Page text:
See more: The Public Poster Project
Master Prankster Rob Cockerham and his friends around the country recently added some extra signage to the sheds on display in their local Home Depot parking lots.
Home Depot, forced to lure customers inside without glitzy display windows, seed the warehouse perimeter with their products. This is only practical with hard-to-shoplift items, such as bags of steer manure and storage sheds.
Unfortunately, these sun-baked displays are all but abandoned by the sales staff, and must rely on graphics and signage to speak to their potential customers.
Despite an ambitious number of signs, I felt my local home depot wasn’t addressing some of the strongest benefits of owning a garden/storage/privacy shed/mini-garage/closet. I decided to make some new signs and try them out!
With nine eager volunteers poised to help, I sent signs to try out across the country.
Read all about it: The Shed Prank
For their latest mission, 20 Improv Everywhere agents personally welcomed home total strangers at JFK airport. Grabbing first and last names from car driver signs, they greeted strangers with personalized posters, flowers, balloons, and a 10-foot wide banner reading, “Welcome Back.”
Montreal group Les Fourmis came up with a clever use for campaign signs after the recent Canadian election– turn them into birdhouses and put them up around the city. I wonder how many millions of campaign signs there are in the US right now heading to a landfill?
Some clever pranksters managed to get this sign onto MSNBC’s coverage of the DNC on Monday night. I saw it live and found it quite hilarious. I found it a little less funny when I realized the DNC was taking place at the Pepsi Center (I thought it was a total non-sequitur,) but it’s still awesome to see something this silly in a crowd otherwise filled with 9/11 conspiracy theorists.
Today’s post is the first in what will be an ongoing series where we flashback and take a look at awesome projects that while not new, are hopefully new to our readers. If not, enjoy a good idea for the second time or keep moving to the next post.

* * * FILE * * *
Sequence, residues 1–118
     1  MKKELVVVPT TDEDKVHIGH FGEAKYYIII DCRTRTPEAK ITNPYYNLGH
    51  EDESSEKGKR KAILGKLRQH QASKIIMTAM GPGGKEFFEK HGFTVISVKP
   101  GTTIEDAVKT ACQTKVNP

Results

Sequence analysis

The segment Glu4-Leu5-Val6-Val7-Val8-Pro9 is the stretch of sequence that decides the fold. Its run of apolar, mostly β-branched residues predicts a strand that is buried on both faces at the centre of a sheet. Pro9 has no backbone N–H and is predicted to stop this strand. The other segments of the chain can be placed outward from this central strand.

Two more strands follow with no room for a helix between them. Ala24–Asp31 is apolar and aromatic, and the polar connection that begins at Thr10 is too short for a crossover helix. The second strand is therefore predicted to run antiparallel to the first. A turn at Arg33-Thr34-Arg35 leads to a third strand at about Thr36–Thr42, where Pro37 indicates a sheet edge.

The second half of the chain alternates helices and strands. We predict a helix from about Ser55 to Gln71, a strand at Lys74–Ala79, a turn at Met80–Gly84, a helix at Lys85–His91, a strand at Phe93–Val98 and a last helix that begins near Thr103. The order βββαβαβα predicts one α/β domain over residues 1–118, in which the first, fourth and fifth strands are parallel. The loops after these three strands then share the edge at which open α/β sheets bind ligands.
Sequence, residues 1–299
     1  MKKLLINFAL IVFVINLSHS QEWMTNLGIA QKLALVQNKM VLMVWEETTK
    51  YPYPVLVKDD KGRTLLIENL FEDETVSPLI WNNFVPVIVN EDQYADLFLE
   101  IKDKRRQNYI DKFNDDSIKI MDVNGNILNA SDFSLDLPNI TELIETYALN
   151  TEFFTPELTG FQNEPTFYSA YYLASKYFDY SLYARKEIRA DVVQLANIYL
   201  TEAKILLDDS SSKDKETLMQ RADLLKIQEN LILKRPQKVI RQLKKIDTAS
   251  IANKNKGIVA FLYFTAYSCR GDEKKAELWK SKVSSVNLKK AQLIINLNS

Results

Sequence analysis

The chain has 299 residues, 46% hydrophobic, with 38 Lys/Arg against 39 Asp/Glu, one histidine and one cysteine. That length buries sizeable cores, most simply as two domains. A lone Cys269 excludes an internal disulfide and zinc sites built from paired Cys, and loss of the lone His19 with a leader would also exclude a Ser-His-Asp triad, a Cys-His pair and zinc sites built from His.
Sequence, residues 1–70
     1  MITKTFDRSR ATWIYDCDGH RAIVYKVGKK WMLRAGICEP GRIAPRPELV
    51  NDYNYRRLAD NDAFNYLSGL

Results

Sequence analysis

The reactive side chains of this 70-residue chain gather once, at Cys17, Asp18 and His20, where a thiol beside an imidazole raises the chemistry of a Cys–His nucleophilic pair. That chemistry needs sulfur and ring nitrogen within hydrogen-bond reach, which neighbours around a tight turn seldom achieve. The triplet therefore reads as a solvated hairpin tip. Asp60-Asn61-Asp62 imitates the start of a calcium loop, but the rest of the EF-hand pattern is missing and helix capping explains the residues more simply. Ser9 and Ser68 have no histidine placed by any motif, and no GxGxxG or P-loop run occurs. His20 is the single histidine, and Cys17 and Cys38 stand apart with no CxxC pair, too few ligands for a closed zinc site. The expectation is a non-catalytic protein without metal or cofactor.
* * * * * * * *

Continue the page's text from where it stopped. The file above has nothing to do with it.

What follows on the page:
The Hooter’s Hoax took place in New York over President’s day weekend in 2006. The much loved Second Avenue Deli (a landmark for over 50 years,) had just closed in the East Village. John Grady and Mark Nickelsburg quietly put up a sign on the establishment’s front door in the middle of the night announcing a Hooters location would be soon opening. Clearly this was not going to sit well with the locals. The next day people stopped in their tracks to get a closer look at the sign, and a firestorm of speculation erupted on several NYC blogs. Some bloggers guessed it was a hoax, and others started protest sites to “stop Hooters.”
Because I inadvertently pulled the prank over a three day holiday weekend (President’s Day) it had unintended consequences: the Hooters main office was not open to take calls from concerned East Village neighbors. Also, Hooters has a policy that it cannot confirm or deny where or when they are opening a new restaurant. Maybe because people would protest? I don’t know, but that definitely added fuel to the fire, when they started fielding calls and emails when they returned to the office that Tuesday.
Eventually the pranksters came clean on eater.com and the controversy came to an end. The Second Avenue Deli moved to 33rd Street, and Hooters still maintains its one New York location in midtown.
Do you know of a classic urban prank that we should cover? Let us know about it!